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In this episode, Dr. David Hanscom continues his discussion with Dr. Joshua Smyth. He explains that while unwanted repetitive thoughts (URTs) are very common, people differ in their response to them. Each person has a different level of adaptability and resilience that determines how well they can handle URTs. These repetitive patterns can drain a person’s resources and cause problems with their health or psychology. Cognitive behavioral therapy, in combination with better sleep, exercise and diet, can calm the nervous system and help patients modulate their body’s response to URTs and then eventually slow their frequency.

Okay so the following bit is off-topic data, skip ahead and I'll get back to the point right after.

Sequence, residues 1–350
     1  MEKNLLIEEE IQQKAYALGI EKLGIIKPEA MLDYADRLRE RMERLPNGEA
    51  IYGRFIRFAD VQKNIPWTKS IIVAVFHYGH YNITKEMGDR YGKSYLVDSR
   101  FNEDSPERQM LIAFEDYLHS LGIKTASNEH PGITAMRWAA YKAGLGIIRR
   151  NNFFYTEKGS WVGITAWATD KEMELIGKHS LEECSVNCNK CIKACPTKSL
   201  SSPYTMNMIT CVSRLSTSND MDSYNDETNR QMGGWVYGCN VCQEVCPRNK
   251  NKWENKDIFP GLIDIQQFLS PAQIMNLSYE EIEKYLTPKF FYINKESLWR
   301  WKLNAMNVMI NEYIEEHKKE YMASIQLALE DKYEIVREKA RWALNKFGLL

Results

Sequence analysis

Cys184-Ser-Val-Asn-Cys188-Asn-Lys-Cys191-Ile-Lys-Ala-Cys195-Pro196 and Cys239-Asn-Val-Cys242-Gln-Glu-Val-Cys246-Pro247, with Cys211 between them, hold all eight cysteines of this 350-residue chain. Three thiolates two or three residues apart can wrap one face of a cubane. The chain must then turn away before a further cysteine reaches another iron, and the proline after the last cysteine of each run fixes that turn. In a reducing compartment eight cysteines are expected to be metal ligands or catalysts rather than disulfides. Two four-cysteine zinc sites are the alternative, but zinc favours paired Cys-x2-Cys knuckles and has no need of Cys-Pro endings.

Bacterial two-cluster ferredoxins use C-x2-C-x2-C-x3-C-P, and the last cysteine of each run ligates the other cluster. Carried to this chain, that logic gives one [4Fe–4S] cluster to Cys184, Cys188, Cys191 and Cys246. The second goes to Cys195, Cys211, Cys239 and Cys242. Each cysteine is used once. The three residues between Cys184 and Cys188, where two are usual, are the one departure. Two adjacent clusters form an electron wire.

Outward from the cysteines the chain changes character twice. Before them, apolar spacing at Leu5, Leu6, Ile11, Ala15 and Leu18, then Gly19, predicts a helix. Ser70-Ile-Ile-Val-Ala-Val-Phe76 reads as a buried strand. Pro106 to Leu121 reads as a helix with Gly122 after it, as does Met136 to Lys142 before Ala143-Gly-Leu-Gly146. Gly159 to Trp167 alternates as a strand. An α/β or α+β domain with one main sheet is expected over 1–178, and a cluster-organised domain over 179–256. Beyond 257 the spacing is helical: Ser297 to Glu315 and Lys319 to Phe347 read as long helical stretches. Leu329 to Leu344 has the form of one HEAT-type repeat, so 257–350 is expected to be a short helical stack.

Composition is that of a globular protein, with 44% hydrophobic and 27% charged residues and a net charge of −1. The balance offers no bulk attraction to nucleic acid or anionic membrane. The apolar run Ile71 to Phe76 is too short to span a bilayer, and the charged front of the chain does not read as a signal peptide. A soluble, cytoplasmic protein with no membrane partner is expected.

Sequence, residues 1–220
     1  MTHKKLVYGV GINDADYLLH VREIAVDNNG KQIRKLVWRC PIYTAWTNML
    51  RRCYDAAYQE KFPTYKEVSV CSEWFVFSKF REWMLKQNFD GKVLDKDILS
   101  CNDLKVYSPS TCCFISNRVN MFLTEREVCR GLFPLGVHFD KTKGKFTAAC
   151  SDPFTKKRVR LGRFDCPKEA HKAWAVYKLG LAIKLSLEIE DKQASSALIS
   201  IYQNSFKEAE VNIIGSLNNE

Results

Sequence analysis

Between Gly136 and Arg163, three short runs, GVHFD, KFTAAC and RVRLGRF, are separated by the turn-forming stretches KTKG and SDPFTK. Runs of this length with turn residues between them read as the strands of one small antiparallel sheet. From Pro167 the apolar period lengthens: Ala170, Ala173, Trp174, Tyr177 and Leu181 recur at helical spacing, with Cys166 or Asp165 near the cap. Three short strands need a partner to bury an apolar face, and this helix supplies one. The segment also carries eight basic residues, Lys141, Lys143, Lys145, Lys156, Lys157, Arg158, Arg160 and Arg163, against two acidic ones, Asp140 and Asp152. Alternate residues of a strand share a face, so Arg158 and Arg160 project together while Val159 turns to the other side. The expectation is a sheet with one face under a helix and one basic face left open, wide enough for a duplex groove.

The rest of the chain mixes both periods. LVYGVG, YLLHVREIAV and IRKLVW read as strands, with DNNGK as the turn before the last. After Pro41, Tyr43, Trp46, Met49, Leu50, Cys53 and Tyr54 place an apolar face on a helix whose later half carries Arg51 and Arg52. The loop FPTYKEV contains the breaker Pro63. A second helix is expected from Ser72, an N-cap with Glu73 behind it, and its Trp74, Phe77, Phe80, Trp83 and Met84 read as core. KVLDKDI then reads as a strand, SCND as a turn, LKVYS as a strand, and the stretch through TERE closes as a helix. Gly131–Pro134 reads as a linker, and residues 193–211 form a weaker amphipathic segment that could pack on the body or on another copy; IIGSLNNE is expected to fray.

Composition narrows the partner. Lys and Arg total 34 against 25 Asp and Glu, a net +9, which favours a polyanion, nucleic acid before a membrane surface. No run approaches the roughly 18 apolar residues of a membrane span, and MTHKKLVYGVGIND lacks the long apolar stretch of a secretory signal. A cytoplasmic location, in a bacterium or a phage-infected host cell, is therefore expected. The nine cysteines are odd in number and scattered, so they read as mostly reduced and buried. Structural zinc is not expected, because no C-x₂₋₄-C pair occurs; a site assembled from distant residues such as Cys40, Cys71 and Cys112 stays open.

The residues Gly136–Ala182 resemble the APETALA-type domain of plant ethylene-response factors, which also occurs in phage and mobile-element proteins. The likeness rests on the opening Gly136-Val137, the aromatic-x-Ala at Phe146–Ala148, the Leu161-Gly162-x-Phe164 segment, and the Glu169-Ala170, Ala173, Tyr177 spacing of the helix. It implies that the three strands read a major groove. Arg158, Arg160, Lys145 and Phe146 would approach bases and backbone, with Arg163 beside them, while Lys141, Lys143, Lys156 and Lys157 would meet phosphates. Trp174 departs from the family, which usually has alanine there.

Joshua Smyth is a Distinguished Professor of Biobehavioral Health and of Medicine at Penn State and Hershey Medical Center and serves as Associate Director of Penn State’s Social Science Research Institute (SSRI). Smyth is an internationally recognized expert on ambulatory assessment and intervention, with a focus on the interplay of stress, emotion, physiology and behavior in everyday life. He is a Fellow of the Royal Society of Medicine, the Academy of Behavioral Medicine Research, and the Society of Behavioral Medicine. Dr. Smyth has served as an editorial referee for more than four dozen journals, served as Editor and Associate Editor for several journals, and has been active in Society leadership for the American Psychosomatic Society, the Society of Behavioral Medicine, and the Society for Ambulatory Assessment. Dr. Smyth has widely shared his research in interviews with ABC, CBS, CNN, NBC, PBS, Newsweek, Time and the New York Times, among many others, and recently published (with James Pennebaker) a popular science book on expressive writing interventions. Finally, he is an active and engaged teacher, and has received numerous accolades and awards for teaching and mentoring of students and trainees.